If you are the kind of writer that can achieve such a feat, good on you! Jump to the next chapter to explore more interesting metrics. If like me, your brain goes haywire looking at these sales numbers, then worry not, we just need to scroll past these dizzying numbers until we find something more up our beat:

Much better right? Selling at least 3 books a day on average is well within the means of every writer that puts out quality content and follows through with proper advertising, relevant keywords in the title and description, content marketing, etc.

Possible subcategories candidates therefore include :

As you’re probably starting to realize, in order to take advantage of these lower thresholds, you may find yourself confined to a few narrow sub-categories.  You should therefore try your best to find a match that makes sense to your readers. Listing your book about relationships in the “Suicide” category will hardly win you any fans, so please be thoughtful and do not base your decision solely on the sales threshold.

On the other hand, if you are researching your next gig and can cover a wide variety of subjects with diligence and expertise, then this kind of insight is precious as it can help you focus on the most promising categories.

All in all, this first list of 15-20 accessible categories set us on the right path, but we do not have the full story covered yet.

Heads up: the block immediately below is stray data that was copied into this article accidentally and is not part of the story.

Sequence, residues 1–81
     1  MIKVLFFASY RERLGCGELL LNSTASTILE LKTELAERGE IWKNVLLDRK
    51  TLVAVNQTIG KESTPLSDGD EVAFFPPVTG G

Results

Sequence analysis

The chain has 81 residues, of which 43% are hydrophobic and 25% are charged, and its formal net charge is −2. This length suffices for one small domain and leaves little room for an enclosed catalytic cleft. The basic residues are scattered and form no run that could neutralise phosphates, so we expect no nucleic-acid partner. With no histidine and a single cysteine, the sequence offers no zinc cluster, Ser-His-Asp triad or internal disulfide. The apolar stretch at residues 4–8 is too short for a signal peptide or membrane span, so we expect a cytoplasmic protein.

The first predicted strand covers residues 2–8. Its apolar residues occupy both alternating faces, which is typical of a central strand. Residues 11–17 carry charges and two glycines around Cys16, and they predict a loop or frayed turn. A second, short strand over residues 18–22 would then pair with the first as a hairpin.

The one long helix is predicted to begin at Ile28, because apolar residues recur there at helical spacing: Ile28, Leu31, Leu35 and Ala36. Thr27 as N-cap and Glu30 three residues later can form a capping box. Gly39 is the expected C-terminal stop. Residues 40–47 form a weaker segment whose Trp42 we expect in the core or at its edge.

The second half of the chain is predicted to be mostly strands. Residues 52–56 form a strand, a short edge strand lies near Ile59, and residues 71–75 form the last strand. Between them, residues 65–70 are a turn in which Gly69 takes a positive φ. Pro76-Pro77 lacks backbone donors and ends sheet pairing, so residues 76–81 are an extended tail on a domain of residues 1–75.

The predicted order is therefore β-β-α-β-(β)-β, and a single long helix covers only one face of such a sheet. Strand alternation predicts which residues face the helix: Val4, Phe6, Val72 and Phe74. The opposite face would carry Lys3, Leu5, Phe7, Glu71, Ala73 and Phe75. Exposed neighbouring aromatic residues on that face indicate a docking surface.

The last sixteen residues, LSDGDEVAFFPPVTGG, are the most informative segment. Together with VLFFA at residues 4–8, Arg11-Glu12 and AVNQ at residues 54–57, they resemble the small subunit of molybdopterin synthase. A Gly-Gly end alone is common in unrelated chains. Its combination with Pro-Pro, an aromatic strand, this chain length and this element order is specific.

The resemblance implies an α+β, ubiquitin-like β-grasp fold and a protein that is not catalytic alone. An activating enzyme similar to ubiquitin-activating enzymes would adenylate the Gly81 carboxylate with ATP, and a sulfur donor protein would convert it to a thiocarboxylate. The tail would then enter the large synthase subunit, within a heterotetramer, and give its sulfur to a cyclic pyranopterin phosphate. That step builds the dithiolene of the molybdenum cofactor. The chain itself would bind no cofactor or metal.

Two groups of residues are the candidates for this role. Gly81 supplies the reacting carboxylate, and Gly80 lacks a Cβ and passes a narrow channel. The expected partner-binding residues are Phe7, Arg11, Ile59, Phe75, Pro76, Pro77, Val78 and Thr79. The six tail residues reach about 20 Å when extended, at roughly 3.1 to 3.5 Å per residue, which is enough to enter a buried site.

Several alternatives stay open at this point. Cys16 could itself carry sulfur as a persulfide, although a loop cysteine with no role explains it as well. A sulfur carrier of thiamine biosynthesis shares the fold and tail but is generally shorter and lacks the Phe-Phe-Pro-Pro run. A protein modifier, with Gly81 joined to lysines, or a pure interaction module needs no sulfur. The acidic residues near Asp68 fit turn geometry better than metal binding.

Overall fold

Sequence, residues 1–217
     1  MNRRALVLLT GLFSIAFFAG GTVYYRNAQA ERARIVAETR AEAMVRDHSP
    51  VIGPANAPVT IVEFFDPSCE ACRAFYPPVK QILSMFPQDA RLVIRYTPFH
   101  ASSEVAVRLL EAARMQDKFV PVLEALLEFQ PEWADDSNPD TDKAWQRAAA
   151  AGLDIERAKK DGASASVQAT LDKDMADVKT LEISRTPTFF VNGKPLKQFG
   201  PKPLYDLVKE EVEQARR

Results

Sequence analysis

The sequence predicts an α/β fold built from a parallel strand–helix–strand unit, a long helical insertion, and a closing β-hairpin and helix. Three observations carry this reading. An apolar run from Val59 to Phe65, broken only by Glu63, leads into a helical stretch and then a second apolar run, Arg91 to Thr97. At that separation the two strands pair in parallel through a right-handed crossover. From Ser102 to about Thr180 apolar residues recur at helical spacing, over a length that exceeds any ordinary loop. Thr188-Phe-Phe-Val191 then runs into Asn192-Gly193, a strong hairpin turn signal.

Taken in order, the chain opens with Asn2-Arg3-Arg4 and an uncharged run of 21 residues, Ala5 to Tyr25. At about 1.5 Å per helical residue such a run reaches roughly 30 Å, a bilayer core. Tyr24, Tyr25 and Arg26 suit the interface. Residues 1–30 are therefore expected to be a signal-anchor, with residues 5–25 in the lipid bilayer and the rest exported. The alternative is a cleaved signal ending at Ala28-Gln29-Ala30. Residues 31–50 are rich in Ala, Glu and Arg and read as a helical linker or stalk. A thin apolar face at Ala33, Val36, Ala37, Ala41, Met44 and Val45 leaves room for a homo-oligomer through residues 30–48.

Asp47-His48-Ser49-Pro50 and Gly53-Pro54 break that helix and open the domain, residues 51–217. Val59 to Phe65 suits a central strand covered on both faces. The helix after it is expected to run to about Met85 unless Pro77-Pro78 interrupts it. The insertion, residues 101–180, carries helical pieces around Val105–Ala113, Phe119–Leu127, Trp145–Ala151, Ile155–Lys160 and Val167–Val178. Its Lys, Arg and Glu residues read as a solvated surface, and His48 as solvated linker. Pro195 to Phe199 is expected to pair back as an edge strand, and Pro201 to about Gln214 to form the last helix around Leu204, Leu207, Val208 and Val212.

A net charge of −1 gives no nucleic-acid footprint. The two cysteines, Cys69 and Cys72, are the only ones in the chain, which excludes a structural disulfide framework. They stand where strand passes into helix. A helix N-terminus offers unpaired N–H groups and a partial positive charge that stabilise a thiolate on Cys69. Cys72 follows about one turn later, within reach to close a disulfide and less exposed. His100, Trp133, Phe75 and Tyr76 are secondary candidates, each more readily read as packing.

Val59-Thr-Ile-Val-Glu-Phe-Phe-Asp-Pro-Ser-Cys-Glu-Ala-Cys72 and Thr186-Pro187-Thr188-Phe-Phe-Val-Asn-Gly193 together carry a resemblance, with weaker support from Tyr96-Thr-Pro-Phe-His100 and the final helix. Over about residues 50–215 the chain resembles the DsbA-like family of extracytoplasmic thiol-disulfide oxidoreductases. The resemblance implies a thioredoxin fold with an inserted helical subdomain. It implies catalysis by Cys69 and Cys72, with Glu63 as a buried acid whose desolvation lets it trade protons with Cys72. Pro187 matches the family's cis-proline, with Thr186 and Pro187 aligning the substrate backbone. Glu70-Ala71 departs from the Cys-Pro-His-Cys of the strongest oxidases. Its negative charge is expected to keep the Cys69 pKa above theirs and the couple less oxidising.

Another key variable to consider: readers’ interest!

Great, now we have a pretty solid idea of the sub categories to target. However, our ranking system is pretty basic. Too basic actually, as it does not take into account an important factor: reader’s interest.

No writer really cares about being the best seller of a category coveted by 12 potential readers north of Alaska (nothing against Alaska, just trying to make a point). So we need to take into account each category’s popularity and adjust our ranking system.

It can be a bit challenging however to measure such an elusive indicator as reader’s interest. How do you quantify such a metric?

One way we approach it at Kindle Ranker is to calculate the median royalties generated by books that sit for 30 days straight in the top 20.

Below is the previous list with the added median monthly revenue:

You can see for instance that the “Art therapy & Relaxation” category, while having the same threshold as “Dating”, promises thee times more revenue. So as an indie writer, it makes perfect sense to favor this former category over the later one.

The median price is interesting as it helps you choose the right pricing strategy for your book. Should you lower your price and thus sell more books, or increase the price but maybe sell less copies.

In “memory improvement” for instance, you can hover between $7 and $9  without shocking any readers. Of course you should use these numbers as guidelines. If you can justify a higher price (maybe you include CDs, course material, etc.) then by all means, follow through.